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by Abigail Van Buren

Student Plans Post Graduate Dating Course With Teacher

DEAR ABBY: I'm in love with my teacher. I'm 18; he is 23 and single. I have been in love with him since I met him 18 months ago.

He hasn't done anything that could cost him his career, but there have been times when he has shown interest in me. Recently, though, I was told by the principal to "be careful." Not to stop, mind you -- just be careful.

I still love him as much as I ever did, but I can't show it. I graduate in December and was planning on talking to him about this then. Between now and then, though, what should I do? -- IN LOVE IN LA FAYETTE, GA.

DEAR IN LOVE: Until then, you and the teacher should do as the principal urged. Be careful. If you don't, you could harm your reputation and this young man's career.

The best advice I can offer is to play it cool -- very cool -- until at least six months after you graduate. That way, if your interest is reciprocated, he cannot be accused of jumping the gun and starting a relationship while you were still a student. This may seem like a long time to wait, but it's best for both of you. Tongues will wag even then, so I urge you not to give them grist for the rumor mill.

DEAR ABBY: My live-in boyfriend constantly gives me hickeys. Despite the fact that I have asked him not to, he intentionally marks my neck and throat on a weekly basis.

I am in my mid-20s and find these bright-red marks both unprofessional and unnecessary. I have also tried wearing perfume or moisturizer on my neck to get him to stop.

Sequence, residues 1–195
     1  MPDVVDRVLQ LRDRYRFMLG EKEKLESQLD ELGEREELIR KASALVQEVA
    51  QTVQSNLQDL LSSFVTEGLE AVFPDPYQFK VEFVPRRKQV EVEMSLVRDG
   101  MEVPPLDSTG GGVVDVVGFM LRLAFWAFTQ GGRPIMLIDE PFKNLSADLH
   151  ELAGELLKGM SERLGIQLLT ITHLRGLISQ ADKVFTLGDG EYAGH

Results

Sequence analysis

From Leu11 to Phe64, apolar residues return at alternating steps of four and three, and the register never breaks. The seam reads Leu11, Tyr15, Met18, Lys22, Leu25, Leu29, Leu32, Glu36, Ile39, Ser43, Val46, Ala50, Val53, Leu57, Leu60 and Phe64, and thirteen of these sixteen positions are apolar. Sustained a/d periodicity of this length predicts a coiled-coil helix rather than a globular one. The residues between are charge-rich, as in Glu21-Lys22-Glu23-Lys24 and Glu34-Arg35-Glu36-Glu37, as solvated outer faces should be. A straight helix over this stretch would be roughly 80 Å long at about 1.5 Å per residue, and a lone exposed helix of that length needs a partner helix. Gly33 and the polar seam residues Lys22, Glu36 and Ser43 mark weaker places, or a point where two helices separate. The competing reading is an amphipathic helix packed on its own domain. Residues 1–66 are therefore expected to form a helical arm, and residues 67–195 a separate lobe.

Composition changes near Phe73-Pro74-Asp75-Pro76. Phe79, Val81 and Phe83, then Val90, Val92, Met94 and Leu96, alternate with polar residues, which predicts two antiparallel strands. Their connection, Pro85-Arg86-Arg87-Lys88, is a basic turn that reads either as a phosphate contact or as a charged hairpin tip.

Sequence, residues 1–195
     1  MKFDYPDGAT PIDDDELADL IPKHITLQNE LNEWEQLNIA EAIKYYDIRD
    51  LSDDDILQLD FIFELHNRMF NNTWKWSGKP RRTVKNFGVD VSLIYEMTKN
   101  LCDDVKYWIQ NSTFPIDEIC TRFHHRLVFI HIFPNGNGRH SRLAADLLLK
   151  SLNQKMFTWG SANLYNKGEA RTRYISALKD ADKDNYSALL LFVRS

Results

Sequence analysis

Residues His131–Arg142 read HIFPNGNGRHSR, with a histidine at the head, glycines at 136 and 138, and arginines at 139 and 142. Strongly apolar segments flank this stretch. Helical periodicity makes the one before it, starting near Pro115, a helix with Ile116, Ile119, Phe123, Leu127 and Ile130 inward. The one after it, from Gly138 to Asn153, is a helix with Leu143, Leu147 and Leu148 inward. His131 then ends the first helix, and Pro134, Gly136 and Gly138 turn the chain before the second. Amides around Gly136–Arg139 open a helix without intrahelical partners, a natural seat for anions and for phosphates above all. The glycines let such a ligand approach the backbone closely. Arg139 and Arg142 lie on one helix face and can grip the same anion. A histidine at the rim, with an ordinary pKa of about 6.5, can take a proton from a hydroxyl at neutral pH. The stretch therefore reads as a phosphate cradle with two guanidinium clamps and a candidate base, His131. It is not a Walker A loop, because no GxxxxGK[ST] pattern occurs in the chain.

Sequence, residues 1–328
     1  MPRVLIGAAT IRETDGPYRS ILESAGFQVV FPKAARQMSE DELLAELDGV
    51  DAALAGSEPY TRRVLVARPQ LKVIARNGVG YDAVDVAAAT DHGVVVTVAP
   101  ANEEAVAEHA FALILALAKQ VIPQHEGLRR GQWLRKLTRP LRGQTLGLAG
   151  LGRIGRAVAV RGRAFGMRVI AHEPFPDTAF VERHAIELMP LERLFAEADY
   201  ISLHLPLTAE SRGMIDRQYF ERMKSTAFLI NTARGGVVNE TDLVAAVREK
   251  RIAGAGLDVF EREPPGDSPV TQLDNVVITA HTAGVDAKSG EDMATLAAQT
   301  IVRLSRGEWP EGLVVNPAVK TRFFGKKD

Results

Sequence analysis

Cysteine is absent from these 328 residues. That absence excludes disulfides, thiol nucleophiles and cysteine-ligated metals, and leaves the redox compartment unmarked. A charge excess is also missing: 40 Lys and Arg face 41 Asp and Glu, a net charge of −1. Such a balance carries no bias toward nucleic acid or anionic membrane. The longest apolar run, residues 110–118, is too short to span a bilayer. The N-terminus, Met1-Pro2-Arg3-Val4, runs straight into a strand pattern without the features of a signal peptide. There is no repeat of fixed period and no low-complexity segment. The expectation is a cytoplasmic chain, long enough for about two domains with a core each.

How do I prevent the hickeys, or do I have to get rid of the boyfriend? -- EMBARRASSED IN ORLANDO

DEAR EMBARRASSED: Either your boyfriend has an immature sense of humor, or he is making the marks so others will know he is intimate with you. I can understand your embarrassment in the workplace.

Tell him the hickeys have to go -- or he will. You shouldn't have to spend the rest of your life wearing turtleneck sweaters because you have a boyfriend who is insecure unless he has "marked his territory."

DEAR ABBY: Prior to my older sister's recent death, she shared a family secret. She told me that in the 1960s, while he was serving in the U.S. military in a foreign country, our brother had fathered a child. He was young and fresh out of high school.

My sister said our now-deceased mother had opened a letter addressed to my brother from the baby's mother saying his child was born. She read it -- and tore it up. To my sister's knowledge, Mother never shared the news with my brother.

Now that I am over the shock, I am struggling as to what to do with this information -- if anything. (My brother is happily married with grown children.)

What would you do? -- CAUGHT IN THE MIDDLE

DEAR CAUGHT: Since the woman had your mother's address in the States, she clearly was more than a one-night stand. If I were you, I would tell my brother privately. He has a right to know.

For everything you need to know about wedding planning, order "How to Have a Lovely Wedding." Send a business-size, self-addressed envelope, plus check or money order for $5 (U.S. funds only) to: Dear Abby, Wedding Booklet, P.O. Box 447, Mount Morris, IL 61054-0447. (Postage is included.)

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